So, what have you done for me lately? Washington (notably Congress) has set up new requirements for corporate CEOs as well as corporate boards. We've seen that with the Sarbanes-OxleyAct. The same people have also created the Public Company Accounting Oversight Board, which imposes certain obligations on auditors. But, nowhere do we pick up any other regulations for increasing auditor ethics--at least, until we head west to California which has enacted a plethora of strict accounting reforms.

Now, before you get in an uproar about my not talking about stocks, bonds, financial services, financial planning, and the like, and leaving the accounting scandals and SEC business to my knowledgeable colleagues, let's consider this piece of information a little more carefully.

Starting this past January 1st, public accountants who are licensed in California now have a higher standard to meet under three new state laws, as follows:

  1. There's been enacted a one-year cooling off period before an accountant who has been responsible for the audit of a public company can take a job as the financial officer of that same company.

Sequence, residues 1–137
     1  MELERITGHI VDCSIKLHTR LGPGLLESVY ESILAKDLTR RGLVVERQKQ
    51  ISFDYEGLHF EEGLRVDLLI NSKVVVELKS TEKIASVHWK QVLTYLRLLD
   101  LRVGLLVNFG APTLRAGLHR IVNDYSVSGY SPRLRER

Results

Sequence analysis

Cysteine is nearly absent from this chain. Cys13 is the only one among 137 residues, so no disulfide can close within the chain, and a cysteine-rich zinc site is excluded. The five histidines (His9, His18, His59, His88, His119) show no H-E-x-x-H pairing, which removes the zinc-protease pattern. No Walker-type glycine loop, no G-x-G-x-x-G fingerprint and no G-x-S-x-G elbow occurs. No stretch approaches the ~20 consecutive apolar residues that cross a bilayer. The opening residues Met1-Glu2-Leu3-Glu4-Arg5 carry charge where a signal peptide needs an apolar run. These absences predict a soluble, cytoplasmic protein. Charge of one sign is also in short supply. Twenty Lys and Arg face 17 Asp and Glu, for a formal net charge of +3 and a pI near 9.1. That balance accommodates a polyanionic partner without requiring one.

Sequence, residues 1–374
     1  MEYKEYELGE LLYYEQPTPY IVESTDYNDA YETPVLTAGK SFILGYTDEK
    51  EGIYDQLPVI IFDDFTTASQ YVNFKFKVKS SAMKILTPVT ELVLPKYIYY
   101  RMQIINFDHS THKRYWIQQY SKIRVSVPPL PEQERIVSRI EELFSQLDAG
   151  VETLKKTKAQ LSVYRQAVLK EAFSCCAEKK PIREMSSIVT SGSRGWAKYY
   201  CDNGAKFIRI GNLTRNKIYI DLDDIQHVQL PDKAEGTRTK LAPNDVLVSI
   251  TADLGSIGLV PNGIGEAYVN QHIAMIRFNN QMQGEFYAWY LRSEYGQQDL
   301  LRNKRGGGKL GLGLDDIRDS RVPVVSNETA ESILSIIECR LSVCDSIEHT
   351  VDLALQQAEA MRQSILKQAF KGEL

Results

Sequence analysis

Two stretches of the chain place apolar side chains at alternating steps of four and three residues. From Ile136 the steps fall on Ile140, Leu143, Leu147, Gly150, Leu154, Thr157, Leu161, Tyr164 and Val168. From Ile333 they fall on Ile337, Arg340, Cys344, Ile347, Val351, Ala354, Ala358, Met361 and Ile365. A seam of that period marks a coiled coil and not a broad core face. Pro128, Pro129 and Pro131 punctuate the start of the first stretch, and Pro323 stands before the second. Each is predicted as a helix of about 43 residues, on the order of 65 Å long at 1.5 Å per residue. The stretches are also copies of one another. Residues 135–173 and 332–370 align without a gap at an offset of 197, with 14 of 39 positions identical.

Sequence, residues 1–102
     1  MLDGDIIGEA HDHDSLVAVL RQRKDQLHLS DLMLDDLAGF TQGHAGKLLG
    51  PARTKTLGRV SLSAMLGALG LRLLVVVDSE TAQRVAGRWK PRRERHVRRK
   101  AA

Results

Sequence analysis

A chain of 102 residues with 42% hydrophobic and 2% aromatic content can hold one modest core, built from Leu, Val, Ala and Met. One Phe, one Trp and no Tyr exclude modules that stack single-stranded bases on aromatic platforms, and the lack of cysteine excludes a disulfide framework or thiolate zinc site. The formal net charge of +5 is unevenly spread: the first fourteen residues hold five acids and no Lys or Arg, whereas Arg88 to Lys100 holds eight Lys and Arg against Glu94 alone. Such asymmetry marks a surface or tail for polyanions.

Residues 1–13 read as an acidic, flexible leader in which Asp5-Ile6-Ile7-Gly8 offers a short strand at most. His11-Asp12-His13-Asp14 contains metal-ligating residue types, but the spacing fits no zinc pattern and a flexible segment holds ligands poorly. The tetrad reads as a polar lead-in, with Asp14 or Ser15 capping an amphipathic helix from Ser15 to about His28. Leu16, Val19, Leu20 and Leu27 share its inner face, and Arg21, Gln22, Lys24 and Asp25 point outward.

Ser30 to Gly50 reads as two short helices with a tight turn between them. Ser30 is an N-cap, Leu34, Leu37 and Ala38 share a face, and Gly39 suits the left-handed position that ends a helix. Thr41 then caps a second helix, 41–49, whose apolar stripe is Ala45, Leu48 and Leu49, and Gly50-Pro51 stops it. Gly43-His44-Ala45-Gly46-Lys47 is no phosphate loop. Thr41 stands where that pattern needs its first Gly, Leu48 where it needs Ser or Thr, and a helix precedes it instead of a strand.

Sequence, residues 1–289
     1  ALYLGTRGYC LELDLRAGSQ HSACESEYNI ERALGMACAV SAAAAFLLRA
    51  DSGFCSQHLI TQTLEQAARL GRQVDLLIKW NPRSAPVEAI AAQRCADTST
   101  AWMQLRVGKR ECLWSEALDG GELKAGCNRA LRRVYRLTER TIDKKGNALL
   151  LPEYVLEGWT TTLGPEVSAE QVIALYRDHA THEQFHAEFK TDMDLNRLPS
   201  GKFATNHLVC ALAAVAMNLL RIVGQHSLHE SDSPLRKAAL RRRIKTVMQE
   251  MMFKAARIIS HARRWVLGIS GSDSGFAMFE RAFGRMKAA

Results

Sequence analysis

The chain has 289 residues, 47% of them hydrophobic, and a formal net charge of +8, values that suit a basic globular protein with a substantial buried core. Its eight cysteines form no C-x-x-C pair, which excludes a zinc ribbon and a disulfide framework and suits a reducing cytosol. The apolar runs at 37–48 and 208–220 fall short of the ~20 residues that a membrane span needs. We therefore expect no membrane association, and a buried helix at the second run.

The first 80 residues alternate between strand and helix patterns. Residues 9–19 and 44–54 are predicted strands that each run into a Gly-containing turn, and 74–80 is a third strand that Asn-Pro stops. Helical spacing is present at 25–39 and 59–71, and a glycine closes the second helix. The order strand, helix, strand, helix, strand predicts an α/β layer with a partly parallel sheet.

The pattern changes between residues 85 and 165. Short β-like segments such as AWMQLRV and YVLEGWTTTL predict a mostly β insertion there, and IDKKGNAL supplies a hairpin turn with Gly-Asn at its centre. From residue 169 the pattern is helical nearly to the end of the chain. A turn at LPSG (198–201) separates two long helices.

2. Auditors must now keep records that will show an outsider how the work was performed as well as identifying the party doing the work. These records, it should be added, must be retained for seven years. It goes without saying--but I'll say it anyway--that the California law does raise a presumption that if the records are not there, then the work was not considered done.
  3. There must be a majority of public members on the state board that is responsible for licensing public accountants, as well as disciplining them, thereby putting to an end this period of self-regulation by accountants. It also obligates accountants to go to the state Board of Accountancy whenever a company restates its earnings, thereby giving the board the opportunity to investigate whether any audit previously taken had violated certain standards.

In effect, California has created a no-revolving-door standard on licensed public accountants. Look, consumers are being protected. That's the name of the game. Actually, New York may be only a few steps behind in that regard. That state has its Martin Act, which permits the state attorney general to take punitive action against those who publish misstatements on stock values.So, what's this all say? Certainly, it appears that California is one place in the vanguard of accounting reform. It has established the lead on auditor conduct, even more so than what is coming out of Washington. Perhaps other states, and even Washington, should take note.

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